This article originally appeared on VICE Denmark.
Employees sitting in the reception area of H17 are making plans for lunch, when they're suddenly interrupted by the sound of two sets of polka dot-clad doors swinging open. A middle-aged married couple wanders in, the cameras around their necks and guidebooks in their hands signaling that they're tourists exploring the meat-packing district—Copenhagen's creative land of milk and honey. They barely have a chance to admire the high ceilings and skylights, the wooden rafters and the bluely tinted floors, before a sharp statement sends them scurrying back out to the street: "This is a drug consumption room!"
This is a message that employees have gotten used to passing along to stray tourists since H17 opened its doors in the beginning of August, and it's easy to understand why. From the outside, the repurposed slaughterhouse at the address Halmtorvet 17 looks like a newly opened art gallery or maybe a trendy office community. On the inside, you're met with 10,764 square feet of pristinely renovated supervised injection site.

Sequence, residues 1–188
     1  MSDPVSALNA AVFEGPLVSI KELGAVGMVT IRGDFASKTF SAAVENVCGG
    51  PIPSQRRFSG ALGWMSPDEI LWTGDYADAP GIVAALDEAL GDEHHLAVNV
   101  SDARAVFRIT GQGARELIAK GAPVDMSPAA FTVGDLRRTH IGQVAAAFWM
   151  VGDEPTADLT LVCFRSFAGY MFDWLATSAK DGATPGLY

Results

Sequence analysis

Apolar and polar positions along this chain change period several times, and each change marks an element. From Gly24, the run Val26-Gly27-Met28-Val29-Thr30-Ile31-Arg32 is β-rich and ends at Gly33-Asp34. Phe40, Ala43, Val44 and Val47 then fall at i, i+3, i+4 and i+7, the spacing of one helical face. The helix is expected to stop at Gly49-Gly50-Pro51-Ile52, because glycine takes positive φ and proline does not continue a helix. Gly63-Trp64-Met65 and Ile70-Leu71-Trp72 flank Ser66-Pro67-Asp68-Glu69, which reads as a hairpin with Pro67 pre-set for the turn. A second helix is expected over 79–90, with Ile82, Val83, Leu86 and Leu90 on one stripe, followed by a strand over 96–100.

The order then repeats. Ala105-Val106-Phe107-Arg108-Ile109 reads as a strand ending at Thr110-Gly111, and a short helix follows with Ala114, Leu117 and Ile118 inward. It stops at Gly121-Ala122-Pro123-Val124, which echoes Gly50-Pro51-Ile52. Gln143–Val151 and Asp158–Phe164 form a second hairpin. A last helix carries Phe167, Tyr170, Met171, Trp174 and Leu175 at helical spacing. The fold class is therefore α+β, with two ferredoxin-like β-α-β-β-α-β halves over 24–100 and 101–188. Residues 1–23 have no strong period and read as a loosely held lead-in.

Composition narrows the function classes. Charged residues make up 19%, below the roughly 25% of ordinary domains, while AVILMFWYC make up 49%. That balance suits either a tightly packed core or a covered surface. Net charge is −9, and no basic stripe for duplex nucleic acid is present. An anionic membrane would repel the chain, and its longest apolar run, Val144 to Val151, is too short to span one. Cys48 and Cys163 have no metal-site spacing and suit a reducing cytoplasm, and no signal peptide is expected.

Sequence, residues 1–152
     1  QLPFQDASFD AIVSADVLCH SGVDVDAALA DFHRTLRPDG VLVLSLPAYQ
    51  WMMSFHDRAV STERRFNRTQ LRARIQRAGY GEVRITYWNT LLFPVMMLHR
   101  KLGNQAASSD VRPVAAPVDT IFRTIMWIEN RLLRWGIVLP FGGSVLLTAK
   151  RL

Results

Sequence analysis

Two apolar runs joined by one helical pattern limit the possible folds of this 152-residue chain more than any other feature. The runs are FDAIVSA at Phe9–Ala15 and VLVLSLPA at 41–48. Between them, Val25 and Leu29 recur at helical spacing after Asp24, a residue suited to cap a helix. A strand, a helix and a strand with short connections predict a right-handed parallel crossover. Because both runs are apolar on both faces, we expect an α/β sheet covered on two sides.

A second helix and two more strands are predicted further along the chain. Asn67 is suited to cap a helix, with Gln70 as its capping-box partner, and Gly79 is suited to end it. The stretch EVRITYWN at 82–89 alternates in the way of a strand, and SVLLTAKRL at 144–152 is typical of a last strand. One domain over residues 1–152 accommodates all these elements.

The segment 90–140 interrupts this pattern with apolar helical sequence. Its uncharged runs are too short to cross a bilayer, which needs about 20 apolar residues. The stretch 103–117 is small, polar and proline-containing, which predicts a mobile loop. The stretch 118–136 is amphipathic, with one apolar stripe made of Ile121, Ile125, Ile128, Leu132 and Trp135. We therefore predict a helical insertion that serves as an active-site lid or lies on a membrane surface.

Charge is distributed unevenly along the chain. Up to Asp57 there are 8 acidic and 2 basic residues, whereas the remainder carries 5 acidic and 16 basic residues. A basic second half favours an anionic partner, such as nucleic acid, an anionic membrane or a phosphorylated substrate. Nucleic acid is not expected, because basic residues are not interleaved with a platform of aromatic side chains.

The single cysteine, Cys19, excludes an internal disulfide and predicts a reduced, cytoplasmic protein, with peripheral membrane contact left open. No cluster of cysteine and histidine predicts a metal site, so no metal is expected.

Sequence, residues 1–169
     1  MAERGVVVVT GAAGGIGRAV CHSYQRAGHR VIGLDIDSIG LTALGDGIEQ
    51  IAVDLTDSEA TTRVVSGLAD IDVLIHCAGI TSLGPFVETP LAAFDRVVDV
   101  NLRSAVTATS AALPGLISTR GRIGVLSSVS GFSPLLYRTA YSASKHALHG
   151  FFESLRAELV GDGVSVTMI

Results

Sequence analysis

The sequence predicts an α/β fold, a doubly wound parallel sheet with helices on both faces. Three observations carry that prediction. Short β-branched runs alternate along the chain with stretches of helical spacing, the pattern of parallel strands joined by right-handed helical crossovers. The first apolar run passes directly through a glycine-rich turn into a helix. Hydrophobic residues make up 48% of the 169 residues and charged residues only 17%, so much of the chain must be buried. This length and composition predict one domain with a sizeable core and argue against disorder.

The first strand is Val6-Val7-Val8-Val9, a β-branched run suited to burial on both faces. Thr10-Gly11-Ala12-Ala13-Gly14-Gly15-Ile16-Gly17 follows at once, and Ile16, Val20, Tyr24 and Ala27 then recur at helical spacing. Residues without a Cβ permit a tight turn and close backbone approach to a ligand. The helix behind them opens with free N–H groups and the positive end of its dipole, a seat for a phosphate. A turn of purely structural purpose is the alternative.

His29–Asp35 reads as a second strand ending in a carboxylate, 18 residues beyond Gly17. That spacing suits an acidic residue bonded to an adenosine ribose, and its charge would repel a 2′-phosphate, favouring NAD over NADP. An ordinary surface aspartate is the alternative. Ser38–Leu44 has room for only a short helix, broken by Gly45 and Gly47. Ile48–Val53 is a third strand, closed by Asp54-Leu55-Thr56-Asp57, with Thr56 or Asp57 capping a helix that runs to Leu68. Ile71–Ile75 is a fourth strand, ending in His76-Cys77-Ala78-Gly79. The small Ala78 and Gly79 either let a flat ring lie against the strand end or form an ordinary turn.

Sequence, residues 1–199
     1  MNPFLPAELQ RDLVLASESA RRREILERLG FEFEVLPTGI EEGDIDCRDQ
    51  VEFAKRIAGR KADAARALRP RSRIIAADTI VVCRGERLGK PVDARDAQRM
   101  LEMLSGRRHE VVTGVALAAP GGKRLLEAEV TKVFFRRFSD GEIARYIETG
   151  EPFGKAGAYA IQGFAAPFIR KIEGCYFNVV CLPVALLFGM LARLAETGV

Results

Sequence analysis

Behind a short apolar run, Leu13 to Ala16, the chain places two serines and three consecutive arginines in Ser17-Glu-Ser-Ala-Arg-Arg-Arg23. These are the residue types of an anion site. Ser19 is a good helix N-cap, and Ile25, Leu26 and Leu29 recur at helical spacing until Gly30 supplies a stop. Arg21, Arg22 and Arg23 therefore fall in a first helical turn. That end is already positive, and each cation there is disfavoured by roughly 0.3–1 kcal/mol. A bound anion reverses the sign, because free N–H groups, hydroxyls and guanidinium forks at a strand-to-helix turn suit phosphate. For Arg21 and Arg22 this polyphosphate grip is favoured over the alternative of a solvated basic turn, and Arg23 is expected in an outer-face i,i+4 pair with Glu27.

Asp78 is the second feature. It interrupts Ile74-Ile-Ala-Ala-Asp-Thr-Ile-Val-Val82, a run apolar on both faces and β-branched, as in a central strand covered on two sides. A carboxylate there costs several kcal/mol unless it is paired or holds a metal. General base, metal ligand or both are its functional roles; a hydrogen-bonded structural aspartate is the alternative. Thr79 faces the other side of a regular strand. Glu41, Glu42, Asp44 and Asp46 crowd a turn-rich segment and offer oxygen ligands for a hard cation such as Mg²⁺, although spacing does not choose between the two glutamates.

It's a prestigious flagship initiative that Copenhagen's municipality has invested about $4.4 million in and could very well be the world's largest supervised injection site. For money, the city council got 24 consumption spaces, a health clinic, a restitution area, an activity room—all in all, a place meant to make life easier for the tortured souls that exist on the fringes of society.
In that respect, H17 differs from the overtaxed Skyen (the "cloud")—another nearby Copenhagen consumption facility connected to the shelter Mændenes Hjem (the "men's home"). The two supervised injection sites are only separated by a few hundred yards, but there is a world of difference between Skyen's tense, hectic, and often hostile atmosphere and the pleasantly scented and roomy hospital-like setting of H17. The fundamental idea behind the place—to create a safe space for the marginalized and most vulnerable drug users on the street—seems to have been a success.